PETA Files Contempt Of Court Petition In Madurai High Court Against Jallikattu Organisers

For Immediate Release:
24 January 2014

Contact:
Dr Manilal Valliyate +91 9820947382; [email protected]
Benazir Suraiya +91 9004547382; [email protected]

Group Says 46 Cruelty-to-Animals FIRs Were Lodged and That Organizers Failed to Adhere to Supreme Court and High Court Guidelines on Jallikattu

Chennai, Tamil Nadu – Today, People for the Ethical Treatment of Animals (PETA) India has filed a petition with the Madurai Bench of the Madras High Court stating that cruelty to bulls and injury of people were commonplace during recent jallikattu events organised in Madurai, Salem, Dindigul, Trichy and Sivaganga districts and that the guidelines of Supreme Court and High Court to hold jallikattu, which state that bulls should not be harmed, were ignored. PETA India also points outs, as per the complaints made by the AWBI-authorised inspectors, the districts’ police have registered 46 First Information Reports (FIR) against those who violated court’s guidelines and the Prevention of Cruelty to Animals Act, 1960. Major violations include:
• The FIRs were filed for violent acts against the bulls including hitting them, twisting their tails and yanking their nose ropes.
• It was also observed that bulls’ tails were bitten in the waiting area and inside the vadi vassal; suspicious liquids (likely alcohol) were forcibly fed to the bulls; bulls were poked with iron rods, metal spears and thick, pointed wooden sticks; and bulls with lameness and those with bleeding nostrils were forced to participate.
• A bull was killed during a jallikattu event at Kandipatti village of Sivaganga district, when a group of tamers pounced on the animal. A spectator was also killed there.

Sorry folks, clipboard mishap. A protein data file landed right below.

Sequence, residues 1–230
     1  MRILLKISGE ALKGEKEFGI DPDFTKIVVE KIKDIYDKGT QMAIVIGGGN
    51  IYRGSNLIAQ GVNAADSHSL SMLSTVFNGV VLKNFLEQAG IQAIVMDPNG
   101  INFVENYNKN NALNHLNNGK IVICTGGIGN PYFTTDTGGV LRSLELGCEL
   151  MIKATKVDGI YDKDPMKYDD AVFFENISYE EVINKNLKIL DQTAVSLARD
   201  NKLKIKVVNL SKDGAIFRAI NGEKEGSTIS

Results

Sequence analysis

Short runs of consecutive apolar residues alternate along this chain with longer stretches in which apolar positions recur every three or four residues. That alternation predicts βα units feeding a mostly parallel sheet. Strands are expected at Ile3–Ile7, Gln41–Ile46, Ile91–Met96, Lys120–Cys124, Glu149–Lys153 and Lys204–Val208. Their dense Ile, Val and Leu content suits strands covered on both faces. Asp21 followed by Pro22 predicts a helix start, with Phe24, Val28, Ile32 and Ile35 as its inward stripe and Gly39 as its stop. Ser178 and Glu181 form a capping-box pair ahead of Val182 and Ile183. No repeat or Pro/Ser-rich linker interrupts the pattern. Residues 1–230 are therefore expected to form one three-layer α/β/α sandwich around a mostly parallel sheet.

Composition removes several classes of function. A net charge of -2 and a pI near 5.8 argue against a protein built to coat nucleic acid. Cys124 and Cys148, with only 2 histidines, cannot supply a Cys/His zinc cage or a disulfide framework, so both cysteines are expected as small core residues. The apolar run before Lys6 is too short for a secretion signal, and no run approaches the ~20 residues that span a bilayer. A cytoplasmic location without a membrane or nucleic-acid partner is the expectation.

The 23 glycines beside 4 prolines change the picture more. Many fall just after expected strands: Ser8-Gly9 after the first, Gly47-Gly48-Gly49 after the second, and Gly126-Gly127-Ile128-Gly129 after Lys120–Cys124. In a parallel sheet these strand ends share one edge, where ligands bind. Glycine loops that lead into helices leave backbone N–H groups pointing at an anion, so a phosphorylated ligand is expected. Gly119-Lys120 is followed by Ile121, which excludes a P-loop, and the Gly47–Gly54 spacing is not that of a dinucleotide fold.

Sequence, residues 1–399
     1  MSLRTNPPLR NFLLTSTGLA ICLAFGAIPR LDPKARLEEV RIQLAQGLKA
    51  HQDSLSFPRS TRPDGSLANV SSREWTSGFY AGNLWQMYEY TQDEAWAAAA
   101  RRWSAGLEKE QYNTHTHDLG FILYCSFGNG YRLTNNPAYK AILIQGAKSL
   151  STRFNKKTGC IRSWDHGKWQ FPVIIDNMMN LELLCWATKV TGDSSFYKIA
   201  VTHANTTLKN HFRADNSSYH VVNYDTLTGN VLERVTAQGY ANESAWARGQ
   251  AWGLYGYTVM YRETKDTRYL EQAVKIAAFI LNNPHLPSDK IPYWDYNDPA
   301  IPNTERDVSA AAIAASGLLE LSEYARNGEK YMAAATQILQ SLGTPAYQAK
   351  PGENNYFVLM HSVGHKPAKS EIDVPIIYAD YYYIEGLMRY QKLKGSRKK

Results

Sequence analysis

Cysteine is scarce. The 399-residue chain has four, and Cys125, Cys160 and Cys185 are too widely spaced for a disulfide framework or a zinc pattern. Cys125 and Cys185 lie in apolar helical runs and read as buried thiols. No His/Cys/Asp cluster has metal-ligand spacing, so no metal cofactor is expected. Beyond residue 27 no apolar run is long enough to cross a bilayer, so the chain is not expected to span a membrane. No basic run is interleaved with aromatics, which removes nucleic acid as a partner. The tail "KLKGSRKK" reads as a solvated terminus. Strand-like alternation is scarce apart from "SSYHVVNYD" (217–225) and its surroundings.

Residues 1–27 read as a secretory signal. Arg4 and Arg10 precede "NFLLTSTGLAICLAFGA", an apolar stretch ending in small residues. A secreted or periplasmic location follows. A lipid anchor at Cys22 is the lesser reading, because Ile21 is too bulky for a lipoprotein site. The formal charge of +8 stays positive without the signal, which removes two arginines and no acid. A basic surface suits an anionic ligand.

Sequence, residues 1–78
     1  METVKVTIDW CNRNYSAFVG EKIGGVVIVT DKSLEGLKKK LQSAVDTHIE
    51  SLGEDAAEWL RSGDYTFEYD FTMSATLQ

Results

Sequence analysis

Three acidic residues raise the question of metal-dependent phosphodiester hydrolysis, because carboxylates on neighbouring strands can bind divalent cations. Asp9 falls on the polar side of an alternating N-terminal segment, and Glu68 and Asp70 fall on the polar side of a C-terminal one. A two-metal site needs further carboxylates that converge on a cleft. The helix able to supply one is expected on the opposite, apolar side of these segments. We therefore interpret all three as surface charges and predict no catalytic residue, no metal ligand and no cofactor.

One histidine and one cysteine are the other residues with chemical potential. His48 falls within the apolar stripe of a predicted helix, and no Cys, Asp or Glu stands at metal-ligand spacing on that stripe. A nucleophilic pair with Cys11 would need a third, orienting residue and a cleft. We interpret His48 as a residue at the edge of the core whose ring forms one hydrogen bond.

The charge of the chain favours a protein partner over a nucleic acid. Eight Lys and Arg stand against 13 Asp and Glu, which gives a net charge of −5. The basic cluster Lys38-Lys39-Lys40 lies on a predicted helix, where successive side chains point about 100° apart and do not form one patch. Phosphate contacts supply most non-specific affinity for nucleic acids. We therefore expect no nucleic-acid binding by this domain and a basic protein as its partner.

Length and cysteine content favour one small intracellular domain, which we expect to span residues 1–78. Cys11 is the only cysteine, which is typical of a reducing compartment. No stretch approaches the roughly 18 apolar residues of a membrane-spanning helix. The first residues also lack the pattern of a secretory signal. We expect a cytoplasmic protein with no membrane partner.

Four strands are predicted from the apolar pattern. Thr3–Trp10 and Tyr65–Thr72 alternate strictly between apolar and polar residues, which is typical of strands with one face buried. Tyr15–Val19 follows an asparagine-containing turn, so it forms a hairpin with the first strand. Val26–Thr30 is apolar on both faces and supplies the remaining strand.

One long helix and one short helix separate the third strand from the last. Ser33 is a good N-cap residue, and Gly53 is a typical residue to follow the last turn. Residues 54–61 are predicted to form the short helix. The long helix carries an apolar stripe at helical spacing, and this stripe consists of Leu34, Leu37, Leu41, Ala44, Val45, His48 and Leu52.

• At all of the events observed by the inspectors, the height of the barricade was less than 8 feet. At many events, the collection yards were not double barricaded, and at events such as the one at Neikkarapatti, there was no double barricade at all. All of this is in violation of Supreme Court and High Court guidelines.
• The bulls were not collected and detained in the collection yard until completion of the event, which led to bulls and people getting injured.
• The terrified bulls were not prevented from straying into residential areas, roadside shops and parked vehicles, and spectators spilling into collection areas hit and pounced on the bulls.

The petition filed by PETA India asks for strict action against the organizers of jallikattu for contempt of court. PETA India also states the guidelines are insufficient to prevent cruelty to bulls because causing the bulls to be terrified and harming this is an inherent part of the game.

“Year after year, the Supreme Court and High Court guidelines on jallikattu and the Prevention of Cruelty to Animals Act 1960 are violated during jallikattu events”, says PETA India Director of Veterinary Affairs Dr Manilal Valliyate. “Countless bulls and people have suffered, including from a painful death, because of jallikattu. It’s high time to ban jallikattu.”

Although the Ministry of Environment and Forests issued a notification that banned the use of bulls as performing animals – thereby banning jallikattu – these events are still held throughout the state under High Court and Supreme Court guidelines, which PETA India contends are routinely ignored and are meaningless because they do not prevent the cruelty to animals inherent in jallikattu or stop participants and spectators from getting hurt.

For more information, please visit PETAIndia.com.

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